Thursday, 30 August 2007

I have been Warning of this for years!!

People have been looking at me in funny ways for the past 5 years, as when I state that the next wave of crime is going to be based on hacking of a security camera/computer system and physical security. My warning has just become reality.
The FBI is investigating fifteen store robberies in eleven states, committed via phone and internet. The perpetrators hack the store's security system so they can observe their victims. They then make customers take their clothes off and get the store to wire money. From the article, "A telephone caller making a bomb threat to a Hutchinson, Kan., grocery store kept more than 100 people hostage, demanding they disrobe and that the store wire money to his bank account. ... officials were investigating whether the caller was out of state and may have hacked into the store's security system. "If they can access the Internet, they can get to anything," Hutchinson Police Chief Dick Heitschmidt said. "Anyone in the whole world could have access, if that's what really happened.""

Monday, 20 August 2007

What do YOU need out of two-factor authentication?

Two-factor authentication continues to grow in popularity and emerge as a security requirement for many people I meet with. A number of companies are looking at smartcards internally for VPN access and then looking at moving to smartcards for domain logon, too.
Users are also looking at ways to require two-factor authentication for web-based services, like Outlook Web Access, published SharePoint servers, and other extranet systems. I love display based solutions and its CRYPTOCard most popular offering. But with smartcards we encounter a large problem with them: most public workstations (kiosks, Internet cafes) don't have smartcard readers. So how do we require two-factor authentication when the infrastructure can't support it? And you would want to use a form of 2FA when using Public workstations as the risks are very large. No self-respecting organization would ever allow access to corporate resources from unknown machines, right? What possible business justification would ever permit exposure to such risk?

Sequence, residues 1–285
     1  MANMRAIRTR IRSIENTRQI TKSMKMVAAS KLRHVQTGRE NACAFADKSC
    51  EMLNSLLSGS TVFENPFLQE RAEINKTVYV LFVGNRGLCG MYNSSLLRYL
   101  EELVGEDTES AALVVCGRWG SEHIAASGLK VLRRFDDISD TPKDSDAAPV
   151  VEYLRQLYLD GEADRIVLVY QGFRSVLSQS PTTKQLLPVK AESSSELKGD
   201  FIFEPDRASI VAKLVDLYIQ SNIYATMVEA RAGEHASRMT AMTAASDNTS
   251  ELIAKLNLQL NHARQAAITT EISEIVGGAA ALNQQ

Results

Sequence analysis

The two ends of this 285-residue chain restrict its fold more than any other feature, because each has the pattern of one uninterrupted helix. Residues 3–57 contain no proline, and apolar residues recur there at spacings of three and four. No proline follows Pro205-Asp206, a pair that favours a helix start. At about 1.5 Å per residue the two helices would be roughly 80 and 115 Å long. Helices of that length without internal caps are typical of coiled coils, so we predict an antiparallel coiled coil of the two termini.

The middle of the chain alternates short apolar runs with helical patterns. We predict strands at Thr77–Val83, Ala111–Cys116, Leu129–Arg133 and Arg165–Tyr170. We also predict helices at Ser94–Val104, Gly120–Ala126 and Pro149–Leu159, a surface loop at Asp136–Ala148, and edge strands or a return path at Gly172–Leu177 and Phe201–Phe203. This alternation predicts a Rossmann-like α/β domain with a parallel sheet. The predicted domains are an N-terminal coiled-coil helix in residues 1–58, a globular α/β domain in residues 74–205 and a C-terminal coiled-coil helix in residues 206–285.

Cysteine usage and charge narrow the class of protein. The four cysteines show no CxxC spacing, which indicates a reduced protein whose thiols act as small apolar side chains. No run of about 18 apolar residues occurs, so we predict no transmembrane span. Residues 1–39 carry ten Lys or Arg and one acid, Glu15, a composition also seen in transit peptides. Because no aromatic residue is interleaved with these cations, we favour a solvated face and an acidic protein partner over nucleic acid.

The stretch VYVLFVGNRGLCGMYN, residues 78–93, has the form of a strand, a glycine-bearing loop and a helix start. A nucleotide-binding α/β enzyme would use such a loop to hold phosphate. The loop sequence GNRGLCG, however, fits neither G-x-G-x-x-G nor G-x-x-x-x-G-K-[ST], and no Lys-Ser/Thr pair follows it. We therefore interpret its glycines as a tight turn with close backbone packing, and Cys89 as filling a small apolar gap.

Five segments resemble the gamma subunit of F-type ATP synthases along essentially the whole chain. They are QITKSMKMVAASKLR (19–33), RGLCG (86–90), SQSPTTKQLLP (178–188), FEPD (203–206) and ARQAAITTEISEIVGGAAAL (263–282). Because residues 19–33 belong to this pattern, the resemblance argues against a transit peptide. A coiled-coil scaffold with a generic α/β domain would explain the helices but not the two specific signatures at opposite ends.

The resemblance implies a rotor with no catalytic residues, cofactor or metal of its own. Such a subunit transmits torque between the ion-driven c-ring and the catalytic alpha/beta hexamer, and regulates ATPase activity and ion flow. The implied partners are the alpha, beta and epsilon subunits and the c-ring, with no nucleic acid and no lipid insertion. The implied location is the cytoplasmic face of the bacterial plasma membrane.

A lot, it turns out. Any organization (Microsoft included) that permits access to corporate resources, like OWA, is making a risk statement, whether they know it or not. That statement is this: "Our business activities require access to certain resources from any device, anywhere, at any time. We accept the risks associated with this because the value to the business is determined to be higher."
Many organizations are starting to become wary of these risks. Two-factor authentication helps to mitigate risk. The choice, then, is which kind of two-factor authentication to use? If smartcards won't work because readers aren't yet ubiquitous, what's left to choose?
A hardware token with a one-time (Event) password is generally the best option.
I want to hear from you, though. What do you need from a two-factor authentication mechanism? What are your requirements? Have you used the products currently on the market? What do you like or not like? What do you want to see done differently?
Tell me what you think. Post a comment here or email me if you'd prefer to remain private. Either way, I'd really like to get a good body of customer thinking on this. Thanks!

Outlook Passwords in less than 10 sec's

That’s right. I hate to tell you but if you give me 10 seconds alone with your computer I’ll not only get your user name and passwords to every mail box you have set up in Outlook and Outlook Express, but I’ll also be able to see every single login you have saved in your Internet Explorer auto-complete settings.

And I’ll do it all with this tiny little application. Don’t believe it? Fine, download it, unzip it and launch it. You’ll be instantly staring at all of the passwords you’ve ever told Microsoft to remember for you.

Cracking your password

If you invited me to try and crack your password, you know the one that you use over and over for like every web page you visit, how many guesses would it take before I got it?

Let’s see… here is my top 10 list. Most passwords are much easier to gain than you might think allowing access into your e-mail, computer, or online banking. After all, if someone was to gain one they would probably get into all of them!
  • Your partner, child, or pet’s name, possibly followed by a 0 or 1
  • 123 or 1234 or 123456.
  • “password”
  • Your city, or college, football team name.
  • Date of birth - yours, your partner’s or your child’s.
  • “god”
  • “letmein”
  • “money”
  • “love"
  • Typing your email address into google to find your hobby

Statistically speaking that should probably cover about 70% of you. But don’t worry. If I didn’t get it yet it will probably only take a few more minutes before I do or someone else does.

Copyright 2009 Jason Hart. Powered by Blogger Blogger Templates create by Deluxe Templates. WP by Masterplan